Aquaponics For Your Tiny Home
The increasing popularity of tiny home living is a clear sign that people are becoming more and
more concerned about the resources they use. Particularly, people who choose to live in smaller
spaces prefer a self-sustainable lifestyle with minimum dependence on any of the market
supplies. It includes off-grid living and home-grown organic farming options.
While off-grid living is easy to manage- one can simply install solar panels and attach a battery
to the home for utility supplies; what’s difficult is maintaining a home-grown garden. It requires a
lot of space and maintenance just to keep up with a healthier yield. And most importantly it
requires soil, which could be difficult to include in a tiny home. Although, including pots could be
a solution but it still poses a challenge to include a sufficient number of these pots. In short, land
for cultivation is not readily available for tiny home-dwellers.
Thankfully, there are other options available. Have you ever heard about growing vegetables
and crops without soil? Yes, you read that absolutely correct! You don’t really need soil anymore
to grow your garden. The technology is known as hydroponics. Instead of using soil for growing
the crops, it uses an aggregate solution as a growth medium. But, it has its own fair share of
challenges. For starters, hydroponics or even aeroponics would require a lot of water, which
could again be a challenge for someone living with minimum essential resources.
Therefore, an improved version of this technique is now available for tiny home dwellers-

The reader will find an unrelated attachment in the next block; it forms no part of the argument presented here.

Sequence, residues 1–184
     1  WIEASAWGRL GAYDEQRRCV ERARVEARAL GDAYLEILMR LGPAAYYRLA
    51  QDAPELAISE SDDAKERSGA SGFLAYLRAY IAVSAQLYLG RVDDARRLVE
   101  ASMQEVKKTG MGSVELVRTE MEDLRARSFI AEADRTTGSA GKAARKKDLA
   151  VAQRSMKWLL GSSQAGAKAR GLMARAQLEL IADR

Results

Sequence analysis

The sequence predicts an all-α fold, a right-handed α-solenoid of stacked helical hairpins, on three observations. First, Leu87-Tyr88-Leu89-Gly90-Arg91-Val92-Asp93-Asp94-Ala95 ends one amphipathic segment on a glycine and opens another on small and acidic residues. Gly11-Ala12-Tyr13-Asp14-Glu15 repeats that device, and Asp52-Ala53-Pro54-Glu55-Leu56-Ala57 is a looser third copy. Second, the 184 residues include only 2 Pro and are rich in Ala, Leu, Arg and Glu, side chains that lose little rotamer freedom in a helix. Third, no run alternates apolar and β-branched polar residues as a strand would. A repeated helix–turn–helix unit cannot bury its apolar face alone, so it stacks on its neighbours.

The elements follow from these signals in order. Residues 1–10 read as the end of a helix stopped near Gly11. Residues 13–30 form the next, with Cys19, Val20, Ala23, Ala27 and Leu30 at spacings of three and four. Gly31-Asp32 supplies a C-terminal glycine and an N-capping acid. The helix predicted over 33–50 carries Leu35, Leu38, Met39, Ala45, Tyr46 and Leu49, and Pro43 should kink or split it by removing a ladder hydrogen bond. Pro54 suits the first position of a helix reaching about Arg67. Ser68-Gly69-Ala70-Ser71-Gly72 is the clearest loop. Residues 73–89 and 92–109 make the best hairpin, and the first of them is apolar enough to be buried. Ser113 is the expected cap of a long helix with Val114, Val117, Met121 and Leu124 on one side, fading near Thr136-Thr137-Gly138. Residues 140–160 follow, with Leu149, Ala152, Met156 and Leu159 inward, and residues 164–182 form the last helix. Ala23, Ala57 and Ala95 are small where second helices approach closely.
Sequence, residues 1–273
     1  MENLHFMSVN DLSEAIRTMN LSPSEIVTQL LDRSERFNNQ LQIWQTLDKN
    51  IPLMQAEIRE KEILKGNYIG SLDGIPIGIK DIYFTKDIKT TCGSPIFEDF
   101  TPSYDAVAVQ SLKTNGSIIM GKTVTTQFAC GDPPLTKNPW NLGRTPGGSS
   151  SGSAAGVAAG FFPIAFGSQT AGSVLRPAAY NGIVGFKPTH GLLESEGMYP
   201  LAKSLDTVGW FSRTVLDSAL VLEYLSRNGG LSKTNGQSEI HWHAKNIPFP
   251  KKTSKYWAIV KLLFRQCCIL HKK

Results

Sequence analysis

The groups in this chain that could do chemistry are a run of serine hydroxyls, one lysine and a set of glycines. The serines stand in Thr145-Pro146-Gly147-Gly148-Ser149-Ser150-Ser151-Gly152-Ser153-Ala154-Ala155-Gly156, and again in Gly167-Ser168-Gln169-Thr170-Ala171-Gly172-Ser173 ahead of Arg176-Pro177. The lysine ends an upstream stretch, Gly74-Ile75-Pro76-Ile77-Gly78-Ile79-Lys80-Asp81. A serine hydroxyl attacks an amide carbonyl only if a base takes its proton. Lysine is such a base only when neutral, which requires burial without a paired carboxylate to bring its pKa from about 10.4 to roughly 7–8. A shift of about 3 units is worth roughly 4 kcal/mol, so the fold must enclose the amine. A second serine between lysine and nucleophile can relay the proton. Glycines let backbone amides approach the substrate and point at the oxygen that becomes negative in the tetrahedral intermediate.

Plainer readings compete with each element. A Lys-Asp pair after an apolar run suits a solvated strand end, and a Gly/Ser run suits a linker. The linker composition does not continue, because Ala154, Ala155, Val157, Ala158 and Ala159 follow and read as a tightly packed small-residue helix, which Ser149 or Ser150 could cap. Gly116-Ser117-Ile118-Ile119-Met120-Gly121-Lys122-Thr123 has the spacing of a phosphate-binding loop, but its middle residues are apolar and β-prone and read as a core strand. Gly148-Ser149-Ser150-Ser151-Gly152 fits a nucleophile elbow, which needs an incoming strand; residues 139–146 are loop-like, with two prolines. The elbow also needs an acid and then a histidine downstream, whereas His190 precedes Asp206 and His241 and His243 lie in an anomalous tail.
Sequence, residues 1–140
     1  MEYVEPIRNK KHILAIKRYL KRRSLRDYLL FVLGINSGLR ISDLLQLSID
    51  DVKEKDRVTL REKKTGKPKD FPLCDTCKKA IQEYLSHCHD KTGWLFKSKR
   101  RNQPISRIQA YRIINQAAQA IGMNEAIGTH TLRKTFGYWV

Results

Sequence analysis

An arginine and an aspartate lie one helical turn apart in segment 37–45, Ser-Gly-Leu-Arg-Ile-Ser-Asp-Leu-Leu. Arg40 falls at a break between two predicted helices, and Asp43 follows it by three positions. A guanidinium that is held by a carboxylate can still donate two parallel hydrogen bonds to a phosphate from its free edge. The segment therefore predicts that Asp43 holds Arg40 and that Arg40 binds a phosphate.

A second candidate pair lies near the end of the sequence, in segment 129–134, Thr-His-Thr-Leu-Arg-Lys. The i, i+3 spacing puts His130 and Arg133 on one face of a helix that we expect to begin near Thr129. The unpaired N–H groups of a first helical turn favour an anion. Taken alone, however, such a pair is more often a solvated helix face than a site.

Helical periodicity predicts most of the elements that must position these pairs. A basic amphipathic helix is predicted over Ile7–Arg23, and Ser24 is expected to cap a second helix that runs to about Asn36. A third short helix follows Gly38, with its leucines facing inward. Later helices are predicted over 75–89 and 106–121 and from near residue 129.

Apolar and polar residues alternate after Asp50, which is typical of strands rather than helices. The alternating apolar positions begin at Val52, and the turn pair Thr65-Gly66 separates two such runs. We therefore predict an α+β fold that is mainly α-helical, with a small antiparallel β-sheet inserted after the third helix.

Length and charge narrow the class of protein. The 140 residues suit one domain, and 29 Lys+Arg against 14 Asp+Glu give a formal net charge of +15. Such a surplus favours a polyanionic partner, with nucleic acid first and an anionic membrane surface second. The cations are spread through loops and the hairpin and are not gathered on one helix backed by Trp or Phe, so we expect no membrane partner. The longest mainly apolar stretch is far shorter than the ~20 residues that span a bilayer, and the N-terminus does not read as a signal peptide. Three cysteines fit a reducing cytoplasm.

“aquaponics”. While hydroponics requires continuously replenishing the growth medium (water),
What is Aquaponics? How is it Better than Hydroponics?
Aquaponics is a combination of two cultures that co-create a self-sustainable system that
requires no additional assistance. It combines aquaculture with agriculture, reducing water
usage by up to 95% as compared with ordinary farming practices.
The water in fish tanks contains dead and excretory matter from the aquatic life such as fishes
and prawns. Of course, these substances are toxic for aquatic life, but not for the plants and
crops. In fact, the wastes from aquatic life act as nutrition for the crops grown in ponics culture.
As the experts from Farming Aquaponics suggest, this wastewater is circulated to the growth
tables. Here, the bacteria convert these wastes into nitrates, sulfates, phosphates, and other
basic compounds that can be used up as nutrients by the plants. Thus, making the water
reusable for aquatic life. This recirculating cycle omits the need for additional water and
nutrients to be added to the culture.
In fact, this is the most significant difference between aquaponics and hydroponics. Where in
hydroponics, the water requirement is too high, it is negligible in aquaponics.
By now, you must have had an idea that you can include this particular technique in your tiny
system in your home.
What do you need for including aquaponics into your tiny home?